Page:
Usually blood cells are not found in urine. Their occurence is an important symptom of many renal and urogenital diseases.
The naked eye may be deceived by red dyes. Most dipsticks cannot reliable distinguish between free haemoglobin (hemoglobinuria) and red blood cells (hematuria).
Haematuria is the leading urinary symptom of the nephritic syndrome, which also includes granular or red cell casts and hypertension. It differs from nephrotic syndrome in a lower degree of proteinuria and peripheral oedema. Nephritic syndrome is the clinical presentation of glomerular damage and therefore haematuria is characterized by dysmorphic erythrocytes. Other grounds of haematuria show normal erythrocytes and cause different accompanying symptoms.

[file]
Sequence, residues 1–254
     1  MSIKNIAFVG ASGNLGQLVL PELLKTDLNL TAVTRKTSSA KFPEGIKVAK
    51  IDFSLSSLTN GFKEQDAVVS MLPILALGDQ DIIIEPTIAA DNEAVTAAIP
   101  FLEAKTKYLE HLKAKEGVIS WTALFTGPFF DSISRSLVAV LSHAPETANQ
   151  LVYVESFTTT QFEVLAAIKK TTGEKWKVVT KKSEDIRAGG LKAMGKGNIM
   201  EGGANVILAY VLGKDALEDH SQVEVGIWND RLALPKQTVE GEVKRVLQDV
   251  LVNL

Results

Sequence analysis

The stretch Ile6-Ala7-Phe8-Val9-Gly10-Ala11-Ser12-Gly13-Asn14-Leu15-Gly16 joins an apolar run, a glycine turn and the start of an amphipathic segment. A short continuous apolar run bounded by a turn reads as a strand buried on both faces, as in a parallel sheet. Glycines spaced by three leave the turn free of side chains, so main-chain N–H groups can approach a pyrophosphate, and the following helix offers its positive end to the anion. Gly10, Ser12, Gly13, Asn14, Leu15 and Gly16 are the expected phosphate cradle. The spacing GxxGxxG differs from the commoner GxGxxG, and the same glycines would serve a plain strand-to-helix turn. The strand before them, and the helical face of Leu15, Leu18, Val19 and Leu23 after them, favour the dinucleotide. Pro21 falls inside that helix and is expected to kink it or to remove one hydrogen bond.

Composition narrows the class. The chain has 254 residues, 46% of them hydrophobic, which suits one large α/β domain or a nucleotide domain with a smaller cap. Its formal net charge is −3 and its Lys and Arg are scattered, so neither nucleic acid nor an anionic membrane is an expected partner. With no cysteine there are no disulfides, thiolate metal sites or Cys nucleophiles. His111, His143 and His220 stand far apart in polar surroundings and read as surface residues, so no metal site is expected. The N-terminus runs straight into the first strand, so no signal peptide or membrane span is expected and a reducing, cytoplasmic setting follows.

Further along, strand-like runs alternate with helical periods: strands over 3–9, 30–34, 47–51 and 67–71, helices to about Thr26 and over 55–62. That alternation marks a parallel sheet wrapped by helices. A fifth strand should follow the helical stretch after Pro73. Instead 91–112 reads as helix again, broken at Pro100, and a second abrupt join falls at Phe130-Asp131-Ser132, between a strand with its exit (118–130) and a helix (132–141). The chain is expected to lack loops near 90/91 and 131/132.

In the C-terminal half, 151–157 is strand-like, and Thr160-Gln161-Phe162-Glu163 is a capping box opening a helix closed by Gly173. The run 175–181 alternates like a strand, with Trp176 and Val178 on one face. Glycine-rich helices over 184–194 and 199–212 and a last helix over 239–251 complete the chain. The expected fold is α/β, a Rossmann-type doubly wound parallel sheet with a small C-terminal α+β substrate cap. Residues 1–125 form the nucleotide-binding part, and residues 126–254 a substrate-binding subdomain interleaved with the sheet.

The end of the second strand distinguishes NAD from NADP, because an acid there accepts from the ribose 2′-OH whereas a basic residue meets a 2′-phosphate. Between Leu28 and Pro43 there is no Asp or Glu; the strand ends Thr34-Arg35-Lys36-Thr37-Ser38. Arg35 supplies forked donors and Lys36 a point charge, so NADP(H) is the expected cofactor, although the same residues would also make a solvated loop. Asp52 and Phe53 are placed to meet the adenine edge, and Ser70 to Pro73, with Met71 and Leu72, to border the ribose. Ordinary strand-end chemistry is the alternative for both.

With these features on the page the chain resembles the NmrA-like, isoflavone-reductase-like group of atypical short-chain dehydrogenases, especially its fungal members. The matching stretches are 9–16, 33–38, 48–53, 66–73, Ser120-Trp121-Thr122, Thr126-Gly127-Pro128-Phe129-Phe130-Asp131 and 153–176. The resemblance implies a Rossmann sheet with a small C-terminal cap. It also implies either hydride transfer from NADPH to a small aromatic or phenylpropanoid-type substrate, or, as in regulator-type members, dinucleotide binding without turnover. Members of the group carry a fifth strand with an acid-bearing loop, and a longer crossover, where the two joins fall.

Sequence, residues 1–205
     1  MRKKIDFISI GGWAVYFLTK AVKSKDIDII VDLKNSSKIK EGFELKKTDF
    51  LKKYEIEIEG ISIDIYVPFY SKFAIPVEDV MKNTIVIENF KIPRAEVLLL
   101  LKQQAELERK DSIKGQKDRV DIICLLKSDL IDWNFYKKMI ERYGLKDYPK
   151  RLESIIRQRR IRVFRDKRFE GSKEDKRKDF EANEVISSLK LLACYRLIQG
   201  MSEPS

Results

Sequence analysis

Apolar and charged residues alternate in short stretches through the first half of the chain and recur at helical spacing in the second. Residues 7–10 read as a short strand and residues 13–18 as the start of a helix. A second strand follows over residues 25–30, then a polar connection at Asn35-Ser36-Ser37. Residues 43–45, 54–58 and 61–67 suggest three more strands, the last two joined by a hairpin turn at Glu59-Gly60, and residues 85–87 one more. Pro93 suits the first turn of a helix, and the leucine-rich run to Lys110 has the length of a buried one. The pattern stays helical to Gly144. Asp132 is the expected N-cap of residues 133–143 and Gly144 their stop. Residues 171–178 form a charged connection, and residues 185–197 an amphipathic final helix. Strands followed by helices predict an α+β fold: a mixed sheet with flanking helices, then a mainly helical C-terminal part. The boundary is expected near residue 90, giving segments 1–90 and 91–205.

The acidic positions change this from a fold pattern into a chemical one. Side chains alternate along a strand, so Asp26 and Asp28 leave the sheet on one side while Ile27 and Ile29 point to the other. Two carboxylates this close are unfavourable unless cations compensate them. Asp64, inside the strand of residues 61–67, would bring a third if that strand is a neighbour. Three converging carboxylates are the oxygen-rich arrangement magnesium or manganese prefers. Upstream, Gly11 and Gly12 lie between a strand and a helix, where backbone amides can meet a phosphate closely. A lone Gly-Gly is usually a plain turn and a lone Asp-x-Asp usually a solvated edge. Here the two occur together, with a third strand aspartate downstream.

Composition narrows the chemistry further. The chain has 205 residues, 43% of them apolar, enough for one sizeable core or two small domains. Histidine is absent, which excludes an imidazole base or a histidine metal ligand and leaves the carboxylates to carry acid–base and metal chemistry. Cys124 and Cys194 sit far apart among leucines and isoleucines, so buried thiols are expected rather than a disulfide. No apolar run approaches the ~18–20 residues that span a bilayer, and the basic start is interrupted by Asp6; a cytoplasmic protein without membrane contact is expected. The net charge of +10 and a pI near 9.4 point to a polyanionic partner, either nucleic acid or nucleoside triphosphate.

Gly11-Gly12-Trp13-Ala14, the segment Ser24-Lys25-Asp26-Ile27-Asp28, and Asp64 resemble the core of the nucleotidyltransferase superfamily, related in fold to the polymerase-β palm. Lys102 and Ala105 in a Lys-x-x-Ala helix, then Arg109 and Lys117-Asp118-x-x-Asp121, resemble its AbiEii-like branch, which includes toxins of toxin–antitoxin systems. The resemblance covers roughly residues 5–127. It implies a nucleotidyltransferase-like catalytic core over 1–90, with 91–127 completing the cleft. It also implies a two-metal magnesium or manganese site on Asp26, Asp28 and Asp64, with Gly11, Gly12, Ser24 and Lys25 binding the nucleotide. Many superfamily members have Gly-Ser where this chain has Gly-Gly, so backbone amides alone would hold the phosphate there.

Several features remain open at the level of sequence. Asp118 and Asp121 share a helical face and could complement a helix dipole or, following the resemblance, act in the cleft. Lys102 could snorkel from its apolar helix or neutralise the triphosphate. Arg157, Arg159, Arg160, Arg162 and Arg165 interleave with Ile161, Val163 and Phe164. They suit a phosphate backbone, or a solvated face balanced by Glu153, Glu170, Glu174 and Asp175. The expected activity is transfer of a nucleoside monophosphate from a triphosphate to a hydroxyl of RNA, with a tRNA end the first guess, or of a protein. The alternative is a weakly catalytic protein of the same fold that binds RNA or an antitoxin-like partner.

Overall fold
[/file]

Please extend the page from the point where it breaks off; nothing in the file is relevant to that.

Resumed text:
The diagnosis of haematuria is mad by dipstick or microscopy of fresh urine.
Haematuria may be caused by bleeding throughout the urogenital tract. That's why a variety of hereditary kidney diseases cause haematuria, such as glomerular, interstitial, and cystic diseases as well as malformations and tumours.
The degree of haematuria defines its visibility by a naked eye. Accordingly we call it macroscopic or microscopic.
By the portion of dysmorphic erythrocytes, we get an idea for where the bleeding occurs. In glomerular haematuria, a glomerular damage allows erythrocytes to pass across the basement membrane into the urine, which results in numerous dysmorphic erythrocytes. Other bleeding sites generate normal erythrocytes.
We further distinguish benign and malign haematuria according to the prognosis of the underlying renal disease.
Hematuria is an early sign of Alport syndrome occuring in early childhood. In heterozygous carriers it remains the only abnormality.
Microscopic hematuria is an early symptom. It can become macroscopic after respiratory infections.
Hematuria is microscopic and glomerular.